Five Takeaways From Nikole Hannah-Jones’s Essay on the ‘Colorblindness’ Trap

Last June, the Supreme Court ruled that affirmative action in college admissions was not constitutional. After the decision, much of the discussion was about its impact on the complexions of college campuses. But in an essay in The Times Magazine, I argue that we were missing the much bigger and more frightening story: that the death of affirmative action marks the culmination of a radical 50-year strategy to subvert the goal of colorblindness put forth by civil rights activists, by transforming it into a means of undermining racial justice efforts in a way that will threaten our multiracial democracy.

What do I mean by this? Here are the basic points of my essay:

The affirmative-action ruling could bring about sweeping changes across American society.

Conservatives are interpreting the court’s ruling broadly, and since last summer, they have used it to attack racial-justice programs outside the field of higher education. Since the decision, conservative groups have filed and threatened lawsuits against a range of programs that consider race, from diversity fellowships at law firms to maternal-health programs. One such group has even challenged the medical school of Howard University, one of the nation’s pre-eminent historically Black universities. Founded to educate people who had been enslaved, Howard’s mission has been to serve Black Americans who had for generations been systematically excluded from American higher education. These challenges to racial-justice programs will have a lasting impact on the nation’s ability to address the vast disparities that Black people experience.

Conservatives have co-opted the civil rights language of ‘colorblindness.’

In my essay, I demonstrate that these challenges to racial-justice programs often deploy the logic of “colorblindness,” the idea that the Constitution prohibits the use of race to distinguish citizens and that the goal of a diverse, democratic nation should be a society in which race does not determine outcomes for anyone. Civil rights leaders used the idea of colorblindness to challenge racial apartheid laws and policies, but over the last 50 years, conservatives have successfully co-opted both the rhetoric and the legal legacy of the civil rights era not to advance racial progress, but to stall it. And, I’d argue, reverse it.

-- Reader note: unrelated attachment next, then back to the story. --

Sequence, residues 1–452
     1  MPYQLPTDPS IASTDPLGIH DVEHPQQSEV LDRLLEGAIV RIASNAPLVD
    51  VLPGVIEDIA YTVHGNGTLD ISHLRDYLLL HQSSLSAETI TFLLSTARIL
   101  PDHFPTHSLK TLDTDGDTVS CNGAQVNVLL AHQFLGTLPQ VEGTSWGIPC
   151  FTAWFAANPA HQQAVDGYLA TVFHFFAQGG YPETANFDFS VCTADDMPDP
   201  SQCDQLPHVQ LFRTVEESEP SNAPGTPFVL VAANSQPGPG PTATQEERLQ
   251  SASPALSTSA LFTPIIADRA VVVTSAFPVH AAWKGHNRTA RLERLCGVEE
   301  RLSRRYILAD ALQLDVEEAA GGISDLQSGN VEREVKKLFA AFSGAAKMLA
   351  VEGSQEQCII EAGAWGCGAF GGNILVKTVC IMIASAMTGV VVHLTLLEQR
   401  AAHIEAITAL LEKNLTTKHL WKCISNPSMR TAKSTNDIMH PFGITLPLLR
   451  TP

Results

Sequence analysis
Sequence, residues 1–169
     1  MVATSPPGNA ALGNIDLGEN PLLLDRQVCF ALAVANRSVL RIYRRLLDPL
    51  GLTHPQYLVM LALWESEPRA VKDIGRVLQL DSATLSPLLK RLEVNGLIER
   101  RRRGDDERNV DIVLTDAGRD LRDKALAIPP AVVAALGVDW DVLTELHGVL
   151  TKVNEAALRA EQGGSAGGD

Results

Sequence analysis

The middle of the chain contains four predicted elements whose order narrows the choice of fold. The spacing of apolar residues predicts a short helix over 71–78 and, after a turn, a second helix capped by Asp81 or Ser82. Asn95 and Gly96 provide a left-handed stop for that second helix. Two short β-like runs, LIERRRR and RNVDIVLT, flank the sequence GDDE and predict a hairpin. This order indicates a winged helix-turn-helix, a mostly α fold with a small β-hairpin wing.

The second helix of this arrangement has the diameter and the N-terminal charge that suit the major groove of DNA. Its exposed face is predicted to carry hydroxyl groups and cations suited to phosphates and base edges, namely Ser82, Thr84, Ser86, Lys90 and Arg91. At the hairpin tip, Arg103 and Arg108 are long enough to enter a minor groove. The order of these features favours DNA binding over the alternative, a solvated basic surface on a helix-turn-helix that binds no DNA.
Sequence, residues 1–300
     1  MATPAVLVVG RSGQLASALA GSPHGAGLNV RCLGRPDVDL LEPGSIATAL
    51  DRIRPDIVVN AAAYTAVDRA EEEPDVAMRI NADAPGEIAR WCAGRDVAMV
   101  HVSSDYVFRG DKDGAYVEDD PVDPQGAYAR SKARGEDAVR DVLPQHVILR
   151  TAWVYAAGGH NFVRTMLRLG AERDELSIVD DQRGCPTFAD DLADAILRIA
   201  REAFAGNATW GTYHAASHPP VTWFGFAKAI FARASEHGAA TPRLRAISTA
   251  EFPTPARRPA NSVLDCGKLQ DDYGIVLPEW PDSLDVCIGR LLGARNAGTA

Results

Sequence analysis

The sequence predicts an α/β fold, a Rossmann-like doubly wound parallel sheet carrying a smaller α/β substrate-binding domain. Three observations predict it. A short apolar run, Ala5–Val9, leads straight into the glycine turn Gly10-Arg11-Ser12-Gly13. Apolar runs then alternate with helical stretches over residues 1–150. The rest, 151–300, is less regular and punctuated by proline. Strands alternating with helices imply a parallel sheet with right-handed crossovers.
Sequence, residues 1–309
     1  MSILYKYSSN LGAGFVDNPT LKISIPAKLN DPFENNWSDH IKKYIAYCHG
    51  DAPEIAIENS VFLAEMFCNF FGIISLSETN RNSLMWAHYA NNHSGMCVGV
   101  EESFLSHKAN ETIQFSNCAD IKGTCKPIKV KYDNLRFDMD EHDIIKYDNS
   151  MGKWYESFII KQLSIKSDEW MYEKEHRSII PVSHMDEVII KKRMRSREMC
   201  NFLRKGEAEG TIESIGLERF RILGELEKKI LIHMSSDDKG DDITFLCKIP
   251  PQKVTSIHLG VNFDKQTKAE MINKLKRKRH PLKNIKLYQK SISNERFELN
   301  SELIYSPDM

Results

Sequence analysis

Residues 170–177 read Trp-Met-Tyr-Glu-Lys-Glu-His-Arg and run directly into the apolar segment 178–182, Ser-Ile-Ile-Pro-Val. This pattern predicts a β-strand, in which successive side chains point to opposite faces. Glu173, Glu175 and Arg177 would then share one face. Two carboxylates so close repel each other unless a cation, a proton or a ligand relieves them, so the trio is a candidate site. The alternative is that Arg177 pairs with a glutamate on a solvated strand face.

Though the civil rights movement is celebrated and commemorated as a proud period in American history, it faced an immediate backlash. The progressive activists who advanced civil rights for Black Americans argued that in a society that used race against Black Americans for most of our history, colorblindness is a goal. They believed that achieving colorblindness requires race-conscious policies, such as affirmative action, that worked specifically to help Black people overcome their disadvantages in order to get to a point where race no longer hindered them. Conservatives, however, invoke the idea of colorblindness to make the case that race-conscious programs, even to help those whose race had been used against them for generations, are antithetical to the Constitution. In the affirmative-action decision, Chief Justice John G. Roberts Jr., writing for the majority, embraced this idea of colorblindness, saying: “Eliminating racial discrimination means eliminating all of it.”

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